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Milwaukee vs. Portland: Heartbreak At Home

Giannis’ face says it all tonight…

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Portland Trail Blazers v Milwaukee Bucks Photo by Patrick McDermott/Getty Images

After a lengthy absence from Fiserv Forum, the Milwaukee Bucks returned to Wisconsin and opened up a six-game home stand with a rematch of the recently-dispatched Portland Trail Blazers. Unfortunately, missing Giannis Antetokounmpo meant that the hometown heroes were stretched even thinner than usual, and the Blazers were able to waltz their way to a double-digit victory.

As a data point for the team’s postseason chances, or what areas require attention, this contest is almost useless. No Giannis (late scratch with ankle soreness), no Pat Connaughton (hand) or Brook Lopez (back) or George Hill (neck), no Giannis, the first game without Donte DiVincenzo (who produced 12 points, 8 rebounds, and 5 steals in a loss with the Kings) and the first game with Serge Ibaka (more on him in a bit), and did I mention no Giannis? It’s still a real game and it counts in the standings, but when it’s mid-February and you’re missing so many huge portions of the playoff rotation, sometimes you just have to accept the result as another bump in the road and head on over to the next opportunity.

Three Things

We got our first good look at Serge Ibaka in his first game as a Buck. When the starting lineups were announced, Serge was listed as a forward (replacing Giannis) and Bobby Portis as the team’s center. Coming in from Los Angeles, there were a myriad of concerns about Ibaka, between his mobility, availability, and offensive fit. The good news, at least for one night, is that Ibaka can still move out there. In 31 minutes, Ibaka posted modest totals of 6 points and 7 rebounds, but he backed up his pre-game claims that he is 100%. While the result of this game conveys very little, Ibaka’s fit into a fully-actualized playoff rotation could, in theory, have a PJ Tucker-esque impact on the team. Perhaps not to the same degree, and certainly in different ways than Tucker contributed, but an impact nonetheless if Jon Horst proves to have made the right move. From Horst’s interview with The Athletic:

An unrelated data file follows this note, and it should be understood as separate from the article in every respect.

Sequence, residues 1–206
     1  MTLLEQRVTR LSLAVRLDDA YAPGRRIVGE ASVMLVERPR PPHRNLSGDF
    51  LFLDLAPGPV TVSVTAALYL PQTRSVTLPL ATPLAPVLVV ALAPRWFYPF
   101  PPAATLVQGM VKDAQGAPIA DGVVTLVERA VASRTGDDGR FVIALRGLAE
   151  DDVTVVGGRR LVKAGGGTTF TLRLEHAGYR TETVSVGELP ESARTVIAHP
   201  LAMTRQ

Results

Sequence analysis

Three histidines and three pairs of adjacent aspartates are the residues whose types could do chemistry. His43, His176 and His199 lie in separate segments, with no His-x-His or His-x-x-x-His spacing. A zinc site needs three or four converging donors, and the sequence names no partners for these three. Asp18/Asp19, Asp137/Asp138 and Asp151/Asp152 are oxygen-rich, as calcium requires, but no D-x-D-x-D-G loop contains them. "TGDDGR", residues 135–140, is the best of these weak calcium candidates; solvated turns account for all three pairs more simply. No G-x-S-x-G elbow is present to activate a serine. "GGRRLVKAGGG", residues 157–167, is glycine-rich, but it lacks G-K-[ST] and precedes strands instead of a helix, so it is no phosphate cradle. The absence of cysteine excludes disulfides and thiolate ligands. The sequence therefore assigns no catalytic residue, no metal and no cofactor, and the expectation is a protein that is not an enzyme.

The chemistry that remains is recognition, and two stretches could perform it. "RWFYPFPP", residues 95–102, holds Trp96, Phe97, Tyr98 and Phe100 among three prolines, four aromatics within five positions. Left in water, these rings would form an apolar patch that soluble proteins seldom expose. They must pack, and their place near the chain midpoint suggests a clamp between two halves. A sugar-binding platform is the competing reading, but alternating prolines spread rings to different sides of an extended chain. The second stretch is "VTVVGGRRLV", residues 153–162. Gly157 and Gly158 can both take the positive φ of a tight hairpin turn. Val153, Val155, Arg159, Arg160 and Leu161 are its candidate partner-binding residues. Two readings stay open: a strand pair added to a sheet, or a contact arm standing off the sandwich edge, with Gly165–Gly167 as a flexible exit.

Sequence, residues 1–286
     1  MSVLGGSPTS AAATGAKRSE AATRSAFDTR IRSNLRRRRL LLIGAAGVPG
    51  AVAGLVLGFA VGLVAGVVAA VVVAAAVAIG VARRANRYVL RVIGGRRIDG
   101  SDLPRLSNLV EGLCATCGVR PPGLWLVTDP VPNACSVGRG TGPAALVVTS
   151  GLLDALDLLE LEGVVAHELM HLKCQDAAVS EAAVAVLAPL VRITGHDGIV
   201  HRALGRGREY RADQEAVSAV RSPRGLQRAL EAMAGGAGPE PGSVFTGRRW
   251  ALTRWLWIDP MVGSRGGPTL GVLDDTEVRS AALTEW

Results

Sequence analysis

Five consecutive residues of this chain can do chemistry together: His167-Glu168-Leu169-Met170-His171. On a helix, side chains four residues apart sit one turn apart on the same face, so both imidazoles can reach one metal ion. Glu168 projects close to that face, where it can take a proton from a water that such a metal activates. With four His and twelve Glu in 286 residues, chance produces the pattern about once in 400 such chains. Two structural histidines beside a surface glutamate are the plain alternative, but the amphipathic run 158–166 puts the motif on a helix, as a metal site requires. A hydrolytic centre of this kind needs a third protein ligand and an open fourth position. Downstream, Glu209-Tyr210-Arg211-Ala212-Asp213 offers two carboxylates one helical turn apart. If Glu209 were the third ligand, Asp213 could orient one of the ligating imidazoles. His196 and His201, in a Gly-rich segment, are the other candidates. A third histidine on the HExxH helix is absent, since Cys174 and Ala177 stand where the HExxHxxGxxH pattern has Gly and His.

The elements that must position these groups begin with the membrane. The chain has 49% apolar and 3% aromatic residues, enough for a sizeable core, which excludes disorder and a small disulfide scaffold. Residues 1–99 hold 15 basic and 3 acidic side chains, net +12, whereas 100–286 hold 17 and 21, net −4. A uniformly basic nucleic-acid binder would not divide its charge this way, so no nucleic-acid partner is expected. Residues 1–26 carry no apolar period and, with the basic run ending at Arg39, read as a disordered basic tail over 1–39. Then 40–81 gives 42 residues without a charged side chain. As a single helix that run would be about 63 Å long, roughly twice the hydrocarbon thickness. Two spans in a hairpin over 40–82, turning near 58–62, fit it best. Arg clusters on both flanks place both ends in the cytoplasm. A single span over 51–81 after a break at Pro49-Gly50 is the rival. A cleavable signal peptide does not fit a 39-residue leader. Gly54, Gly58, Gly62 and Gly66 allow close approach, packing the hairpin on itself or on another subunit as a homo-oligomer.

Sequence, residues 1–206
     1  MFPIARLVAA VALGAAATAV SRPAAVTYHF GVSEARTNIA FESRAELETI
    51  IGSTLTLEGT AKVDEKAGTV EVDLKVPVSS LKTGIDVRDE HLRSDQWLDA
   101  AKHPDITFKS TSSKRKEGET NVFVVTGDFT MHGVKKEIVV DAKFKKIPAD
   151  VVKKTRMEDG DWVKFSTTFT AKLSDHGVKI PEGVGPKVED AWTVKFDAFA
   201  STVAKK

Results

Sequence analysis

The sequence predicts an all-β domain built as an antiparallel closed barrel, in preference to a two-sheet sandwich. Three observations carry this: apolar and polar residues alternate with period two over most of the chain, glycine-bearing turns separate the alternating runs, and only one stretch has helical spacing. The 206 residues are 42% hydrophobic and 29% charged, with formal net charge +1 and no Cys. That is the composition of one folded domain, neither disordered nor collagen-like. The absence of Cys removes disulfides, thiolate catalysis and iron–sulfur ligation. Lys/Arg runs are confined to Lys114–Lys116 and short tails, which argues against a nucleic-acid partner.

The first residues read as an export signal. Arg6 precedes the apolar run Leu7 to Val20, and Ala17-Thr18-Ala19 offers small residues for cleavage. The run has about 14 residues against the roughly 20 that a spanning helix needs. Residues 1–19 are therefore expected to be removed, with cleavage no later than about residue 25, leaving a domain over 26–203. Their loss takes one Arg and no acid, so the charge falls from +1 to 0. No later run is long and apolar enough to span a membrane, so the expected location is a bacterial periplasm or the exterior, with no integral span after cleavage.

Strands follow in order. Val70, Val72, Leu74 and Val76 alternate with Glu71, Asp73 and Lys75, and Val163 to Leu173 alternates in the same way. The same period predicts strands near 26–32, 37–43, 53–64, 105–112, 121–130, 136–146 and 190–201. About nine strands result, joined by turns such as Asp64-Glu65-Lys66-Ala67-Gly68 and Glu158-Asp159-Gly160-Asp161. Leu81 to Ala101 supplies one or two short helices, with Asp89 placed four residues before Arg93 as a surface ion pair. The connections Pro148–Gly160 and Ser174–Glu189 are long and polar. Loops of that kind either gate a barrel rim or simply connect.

Last year, we did it in a 6-6, 6-7 P.J. Tucker package. Now this year we did it in a 6-10 Serge Ibaka package. I see this as a similar move to P.J., having a chance to have a similar impact. I don’t know that Serge will guard the ones and the twos the way that P.J. Tucker did, but I think Serge can guard the fours and the fives in a different way than what P.J. Tucker did.

Milwaukee’s lack of guard depth burned them badly tonight. It’s easy to look at the box score and note the productive outings of Portland’s Anfernee Simons (31 points, including 7-for-16 on threes) and newcomer Josh Hart (27 points, 7 rebounds, 5 assists, including 5-for-9 on threes). Those opponent outputs are indeed frustrating, but when you’re getting honest-to-goodness Lindell Wigginton minutes (17 of them, and he was a team-high +13 on the night!) alongside a nothing-burger from Wes Matthews (1 rebound and 1 steal in nearly 18 minutes), there’s only so much that can be expected. Ideally the buyout market adds a guard with a pulse (Goran Dragic, anyone?) and George Hill and Pat Connaughton will come back someday, hopefully someday soon. In fact, it should be sooner than we expected for Pat!